The government has announced a vision for a more technology- and data-driven NHS. This has the possibility to transform patient services and improve patient care. Yet there is uncertainty around how this vision will be funded, particularly at a time when NHS trusts have had the value of their equipment fall by 10% since 2010/11.

Although the government has pledged an extra £20.5bn in funding for the NHS by 2023/24, this does not include any funding for the capital budget. The 2019 Spending Review needs to make long-term capital-funding commitments.

The capital budget cannot continue to be used to relieve short-term pressures on front-line services. Capital-to-revenue transfers must stop, as they will only continue the current short-termism with regards to capital spending. This is only pushing problems into the future, and has resulted in a growing maintenance backlog and multiple years of negative growth in capital funding. It has also made it difficult to make long-term capital decisions, as there is no certainty about funding.

Capital must be a key component in transforming NHS services. The 2019 Spending Review should include a long-term commitment to capital funding that reverses the recent trends of declining capital spending and a rising maintenance backlog. If capital spending was increased to be in line with the OECD average – as it was between 2008 and 2010 – this would require the DHSC capital budget to be £9.5bn in 2019/20. This would be a £3.5bn increase on top of the current capital budget in 2018/19, rising to £4.1bn by 2023/24.


  1. Department of Health and Social Care. The Future of Healthcare: Our Vision for Digital, Data and Technology in Health and Care. Department of Health and Social Care; 2018 (
  2. Dayan M, Ward D, Gardner T et al. How good is the NHS? Health Foundation; 2018 (
  3. Willeme P, Dumont M. Machines that go ‘ping’: Medical technology and health expenditures in OECD countries. Health Economics. 2015; 24: 1027–41.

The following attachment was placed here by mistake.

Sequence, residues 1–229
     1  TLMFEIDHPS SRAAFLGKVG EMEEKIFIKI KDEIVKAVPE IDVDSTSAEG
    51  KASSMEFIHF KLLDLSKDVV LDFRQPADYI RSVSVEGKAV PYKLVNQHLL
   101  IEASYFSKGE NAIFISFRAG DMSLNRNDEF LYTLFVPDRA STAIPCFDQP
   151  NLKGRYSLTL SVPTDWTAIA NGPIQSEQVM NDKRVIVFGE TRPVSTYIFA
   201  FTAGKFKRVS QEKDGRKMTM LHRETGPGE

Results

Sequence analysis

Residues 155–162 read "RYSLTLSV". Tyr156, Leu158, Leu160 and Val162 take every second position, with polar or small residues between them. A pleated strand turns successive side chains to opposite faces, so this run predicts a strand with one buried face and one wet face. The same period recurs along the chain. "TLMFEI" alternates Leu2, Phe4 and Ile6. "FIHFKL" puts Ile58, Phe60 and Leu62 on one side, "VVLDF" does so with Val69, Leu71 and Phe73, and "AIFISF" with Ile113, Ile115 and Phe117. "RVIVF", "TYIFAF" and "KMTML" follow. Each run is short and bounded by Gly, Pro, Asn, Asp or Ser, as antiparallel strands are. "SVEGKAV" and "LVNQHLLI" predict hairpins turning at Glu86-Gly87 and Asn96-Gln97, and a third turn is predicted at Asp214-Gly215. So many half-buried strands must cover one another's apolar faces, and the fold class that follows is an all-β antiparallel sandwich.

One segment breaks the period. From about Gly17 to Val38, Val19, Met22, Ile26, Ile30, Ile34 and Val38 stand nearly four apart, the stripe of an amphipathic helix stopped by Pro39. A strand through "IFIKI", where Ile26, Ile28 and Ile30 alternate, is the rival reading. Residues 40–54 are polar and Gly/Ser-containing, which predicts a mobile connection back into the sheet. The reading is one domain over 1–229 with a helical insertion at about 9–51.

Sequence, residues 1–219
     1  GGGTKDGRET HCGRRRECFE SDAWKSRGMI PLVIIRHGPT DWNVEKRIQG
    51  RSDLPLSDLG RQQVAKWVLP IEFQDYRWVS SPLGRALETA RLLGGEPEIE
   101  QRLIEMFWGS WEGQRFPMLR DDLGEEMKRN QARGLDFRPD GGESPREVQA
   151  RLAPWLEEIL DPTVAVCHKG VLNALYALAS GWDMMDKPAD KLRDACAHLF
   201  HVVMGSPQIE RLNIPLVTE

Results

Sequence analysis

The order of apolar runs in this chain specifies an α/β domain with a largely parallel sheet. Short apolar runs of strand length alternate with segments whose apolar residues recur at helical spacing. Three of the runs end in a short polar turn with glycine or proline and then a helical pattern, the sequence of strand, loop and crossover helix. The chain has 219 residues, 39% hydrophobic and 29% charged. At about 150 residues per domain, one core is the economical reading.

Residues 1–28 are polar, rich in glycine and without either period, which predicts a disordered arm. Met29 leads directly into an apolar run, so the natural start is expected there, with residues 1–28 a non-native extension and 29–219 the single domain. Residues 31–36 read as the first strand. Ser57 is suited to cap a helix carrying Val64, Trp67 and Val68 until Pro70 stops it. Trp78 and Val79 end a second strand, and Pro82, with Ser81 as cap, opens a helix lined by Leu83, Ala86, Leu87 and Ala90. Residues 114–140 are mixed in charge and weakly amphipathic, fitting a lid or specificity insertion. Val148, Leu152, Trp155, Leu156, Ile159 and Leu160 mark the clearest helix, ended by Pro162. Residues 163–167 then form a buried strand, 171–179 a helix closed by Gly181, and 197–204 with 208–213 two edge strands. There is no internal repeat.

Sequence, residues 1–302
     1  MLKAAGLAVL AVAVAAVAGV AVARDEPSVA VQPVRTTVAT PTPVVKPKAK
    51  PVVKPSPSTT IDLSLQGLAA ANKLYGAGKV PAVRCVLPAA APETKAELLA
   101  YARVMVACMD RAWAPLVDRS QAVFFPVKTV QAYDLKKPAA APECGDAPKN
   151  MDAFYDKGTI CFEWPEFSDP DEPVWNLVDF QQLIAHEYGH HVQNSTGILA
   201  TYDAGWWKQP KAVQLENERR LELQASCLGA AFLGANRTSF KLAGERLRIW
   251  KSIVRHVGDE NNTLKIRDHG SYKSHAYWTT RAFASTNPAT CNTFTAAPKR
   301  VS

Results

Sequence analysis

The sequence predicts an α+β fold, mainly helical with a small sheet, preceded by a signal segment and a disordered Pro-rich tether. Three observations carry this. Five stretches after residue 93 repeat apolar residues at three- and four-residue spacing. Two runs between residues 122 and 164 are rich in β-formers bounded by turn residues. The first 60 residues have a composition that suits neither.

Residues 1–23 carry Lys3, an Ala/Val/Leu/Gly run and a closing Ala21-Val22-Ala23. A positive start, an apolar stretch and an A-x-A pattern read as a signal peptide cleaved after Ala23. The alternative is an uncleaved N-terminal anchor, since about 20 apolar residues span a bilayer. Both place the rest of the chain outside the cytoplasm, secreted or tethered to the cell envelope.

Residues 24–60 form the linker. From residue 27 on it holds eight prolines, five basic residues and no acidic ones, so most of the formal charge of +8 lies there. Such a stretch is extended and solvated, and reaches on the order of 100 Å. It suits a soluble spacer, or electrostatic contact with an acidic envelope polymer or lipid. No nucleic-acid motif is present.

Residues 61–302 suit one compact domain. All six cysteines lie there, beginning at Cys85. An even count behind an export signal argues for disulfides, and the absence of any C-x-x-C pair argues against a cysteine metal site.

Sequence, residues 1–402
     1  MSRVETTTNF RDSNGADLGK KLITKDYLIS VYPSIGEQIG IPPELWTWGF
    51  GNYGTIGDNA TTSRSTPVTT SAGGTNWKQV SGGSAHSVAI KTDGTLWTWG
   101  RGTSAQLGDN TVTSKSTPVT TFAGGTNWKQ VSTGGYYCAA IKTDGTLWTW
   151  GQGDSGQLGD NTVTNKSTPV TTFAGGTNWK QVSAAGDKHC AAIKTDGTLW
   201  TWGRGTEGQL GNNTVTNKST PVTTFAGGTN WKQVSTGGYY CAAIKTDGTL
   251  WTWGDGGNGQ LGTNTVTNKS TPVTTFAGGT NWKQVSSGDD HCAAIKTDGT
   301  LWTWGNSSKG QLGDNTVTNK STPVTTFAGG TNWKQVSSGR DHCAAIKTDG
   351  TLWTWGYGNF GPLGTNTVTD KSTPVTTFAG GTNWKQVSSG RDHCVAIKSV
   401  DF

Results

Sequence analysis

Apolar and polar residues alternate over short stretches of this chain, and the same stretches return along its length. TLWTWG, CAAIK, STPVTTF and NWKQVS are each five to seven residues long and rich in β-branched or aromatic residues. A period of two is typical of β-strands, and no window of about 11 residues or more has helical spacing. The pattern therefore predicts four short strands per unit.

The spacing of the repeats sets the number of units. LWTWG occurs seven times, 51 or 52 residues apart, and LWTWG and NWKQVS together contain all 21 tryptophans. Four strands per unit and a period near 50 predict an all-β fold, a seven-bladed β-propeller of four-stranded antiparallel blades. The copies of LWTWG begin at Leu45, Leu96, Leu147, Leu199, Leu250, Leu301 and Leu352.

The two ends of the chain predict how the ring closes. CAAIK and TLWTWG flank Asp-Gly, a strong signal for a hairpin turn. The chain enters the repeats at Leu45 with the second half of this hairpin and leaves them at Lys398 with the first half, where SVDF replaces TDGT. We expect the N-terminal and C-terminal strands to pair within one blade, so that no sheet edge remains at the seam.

4. Topol E. The Topol Review. Preparing the Healthcare Workforce to Deliver the Digital Future. Health Education England; 2019 (
  5. HM Treasury. Central Government Supply Estimates 2018–19: Supplementary Estimates. TSO (The Stationery Office); 2019 (
  6. Kraindler J, Firth Z, Charlesworth A. False Economy: An Analysis of NHS Funding Pressures. Health Foundation; 2018 (
  7. National Institute of Health Research. Who We Are. National Institute of Health Research; 2018 (
  8. HM Treasury. Central Government Supply Estimates 2018–10. Supplementary Estimates for the Year Ending 31 March 2019. HM Treasury; 2018.
  9. National Audit Office. NHS Financial Sustainability. National Audit Office; 2019 (
  10. Healthcare Financial Management Association. NHS Capital – A System in Distress? Healthcare Financial Management Association; 2018 (
  11. Health Foundation, The King’s Fund, Nuffield Trust. Budget 2018: What it Means for Health and Social Care. Health Foundation, 2018 (
  12. Appleby J, Gershlick B. Keeping up with the Johanssons: How does UK health spending compare internationally? British Medical Journal. 2017; 358: j3568.
  13. Naylor R. NHS Property and Estates. Why the Estate Matters for Patients. Department of Health and Social Care; 2017 (
  14. Organisation for Economic Co-operation and Development. Health at a Glance 2017. Capital Expenditure in the Health Sector. Organisation for Economic Co-operation and Development; 2017.